Personality and temperament change
One thing you need to understand about anger and rage is that they can truly transform you. They can turn you into someone you’re not, someone who you don’t like, or someone you don’t want to be.
You may start to lose your motivation. Things you used to be passionate about are no longer interesting. Your patience and curiosity evaporate. You stop connecting with other people. Maybe worst of all, your empathy disappears because your suffering puts you in a place where you focus only on yourself.
Apathy, physical pain, and minor depression
The anger stage of grief can also lead to certain psychosomatic problems. Thus, you may experience things such as stomach pain, physical and mental fatigue, headaches, insomnia, or a higher risk of developing infections. You may also begin to experience some minor symptoms of depression, which can get worse if you don’t treat them.
How to get through the anger stage of grief
One of the main dangers involved in the anger that comes with this stage of grief is that it can lead you into potentially harmful behavior. Some people turn to drinking, gambling, or anything else that will help them “forget” the pain of their loss.
Thus, when it comes to treating and getting through this stage, not only is therapy a good idea, it’s probably the only effective way to take control of your life again and get back on track. Here are some of the strategies you can use:
Strategies to get through this stage
- A prior evaluation of your health. Before beginning therapy, a patient has to get a medical check-up to make sure they have no other conditions.
- If you’re going to do therapy, you also need to be firmly committed to following through with it.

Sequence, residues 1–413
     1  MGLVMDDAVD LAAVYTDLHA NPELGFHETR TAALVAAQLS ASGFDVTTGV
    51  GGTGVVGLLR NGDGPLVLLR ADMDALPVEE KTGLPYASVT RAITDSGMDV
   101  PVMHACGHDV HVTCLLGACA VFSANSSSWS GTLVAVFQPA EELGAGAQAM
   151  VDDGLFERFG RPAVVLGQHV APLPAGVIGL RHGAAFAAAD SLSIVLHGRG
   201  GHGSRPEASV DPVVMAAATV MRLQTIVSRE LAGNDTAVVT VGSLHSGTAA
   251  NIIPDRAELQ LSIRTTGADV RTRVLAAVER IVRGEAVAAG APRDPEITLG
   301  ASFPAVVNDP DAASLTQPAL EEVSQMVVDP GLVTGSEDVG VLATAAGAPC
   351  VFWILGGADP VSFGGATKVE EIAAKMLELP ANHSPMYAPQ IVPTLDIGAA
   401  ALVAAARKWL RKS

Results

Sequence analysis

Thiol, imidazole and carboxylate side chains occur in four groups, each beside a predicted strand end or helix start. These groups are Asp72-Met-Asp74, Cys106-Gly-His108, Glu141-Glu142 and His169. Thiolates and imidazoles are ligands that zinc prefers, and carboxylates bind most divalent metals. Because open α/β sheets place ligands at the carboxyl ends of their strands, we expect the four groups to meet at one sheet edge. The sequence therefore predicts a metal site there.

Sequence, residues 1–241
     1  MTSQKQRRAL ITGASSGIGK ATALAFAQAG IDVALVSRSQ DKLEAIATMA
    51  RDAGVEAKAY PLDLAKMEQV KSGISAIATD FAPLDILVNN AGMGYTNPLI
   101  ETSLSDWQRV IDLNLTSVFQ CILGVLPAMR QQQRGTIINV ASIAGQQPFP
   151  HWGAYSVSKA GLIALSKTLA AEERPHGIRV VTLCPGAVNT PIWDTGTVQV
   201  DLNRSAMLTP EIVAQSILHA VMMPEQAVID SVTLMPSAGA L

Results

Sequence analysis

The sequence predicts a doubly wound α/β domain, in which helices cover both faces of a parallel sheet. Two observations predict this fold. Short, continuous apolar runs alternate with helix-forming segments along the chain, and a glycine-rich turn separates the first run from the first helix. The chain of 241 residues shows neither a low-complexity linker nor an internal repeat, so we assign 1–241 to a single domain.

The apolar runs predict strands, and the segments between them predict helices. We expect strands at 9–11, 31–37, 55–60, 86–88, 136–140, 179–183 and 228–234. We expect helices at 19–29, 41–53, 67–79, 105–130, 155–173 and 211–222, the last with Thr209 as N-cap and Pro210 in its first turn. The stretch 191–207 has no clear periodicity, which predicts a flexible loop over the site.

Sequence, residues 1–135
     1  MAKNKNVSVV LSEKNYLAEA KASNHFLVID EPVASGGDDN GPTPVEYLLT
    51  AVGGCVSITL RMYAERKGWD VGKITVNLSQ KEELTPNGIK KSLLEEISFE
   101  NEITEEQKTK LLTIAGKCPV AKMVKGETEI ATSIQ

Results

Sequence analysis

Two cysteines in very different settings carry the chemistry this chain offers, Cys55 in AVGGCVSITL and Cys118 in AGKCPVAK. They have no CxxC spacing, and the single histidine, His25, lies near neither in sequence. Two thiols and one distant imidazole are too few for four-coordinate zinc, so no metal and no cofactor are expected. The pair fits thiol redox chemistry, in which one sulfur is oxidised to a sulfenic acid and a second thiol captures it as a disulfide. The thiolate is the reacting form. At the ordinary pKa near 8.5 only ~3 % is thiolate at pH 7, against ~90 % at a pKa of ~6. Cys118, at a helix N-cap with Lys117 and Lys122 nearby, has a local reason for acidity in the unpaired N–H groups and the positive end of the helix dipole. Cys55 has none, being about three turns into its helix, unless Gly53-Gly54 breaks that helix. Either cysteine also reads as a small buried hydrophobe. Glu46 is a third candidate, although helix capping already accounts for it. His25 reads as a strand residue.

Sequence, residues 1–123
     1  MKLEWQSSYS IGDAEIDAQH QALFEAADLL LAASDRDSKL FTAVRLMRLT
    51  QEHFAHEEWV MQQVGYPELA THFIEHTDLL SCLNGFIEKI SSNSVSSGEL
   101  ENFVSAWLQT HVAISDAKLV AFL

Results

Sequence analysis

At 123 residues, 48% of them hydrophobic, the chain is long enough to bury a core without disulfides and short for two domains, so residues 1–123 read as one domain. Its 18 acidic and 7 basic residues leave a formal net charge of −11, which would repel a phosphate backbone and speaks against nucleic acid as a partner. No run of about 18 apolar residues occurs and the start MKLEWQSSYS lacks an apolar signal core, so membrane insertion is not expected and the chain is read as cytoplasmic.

- One good technique is cognitive restructuring. You use it to identify your limiting and irrational thoughts. That will make it easy for you to channel your emotions, get some relief, and find resources to soothe your profound emotional pain.
It’s also worth mentioning that this kind of therapy tends to vary a lot depending on your needs. Don’t expect it to be quick, either. This is a long process that requires a firm commitment between patient and therapist.
But don’t worry, the success rates are very high and you can certainly get past this stage if you’re stuck in it. Books such as Letting Go With Love: The Grieving Process by Nancy O’Connor can also be a great help for anyone struggling with grief.It might interest you...
All cited sources were thoroughly reviewed by our team to ensure their quality, reliability, currency, and validity. The bibliography of this article was considered reliable and of academic or scientific accuracy.
- Bonanno, G. A., & Kaltman, S. (2001). The varieties of grief experience. Clinical Psychology Review, 21(5), 705–734. https://doi.org/10.1016/S0272-7358(00)00062-3
- Shear, M. K., & Mulhare, E. (2009). Complicated Grief. Psychiatric Annals, 38(10), 662–670. https://doi.org/10.3928/00485713-20081001-10
- Kübler-Ross, E. & Kessler, D (2016). Sobre el duelo y el dolor. Ed. Luciérnagas CAS.
- Neimeyer, R., (2007). Aprender de la pérdida. Una guía para afrontar el duelo. Ed. Paidós.
- O’Connor, N., (2007). Déjalos ir con amor. La aceptación del duelo. Ed. Trillas.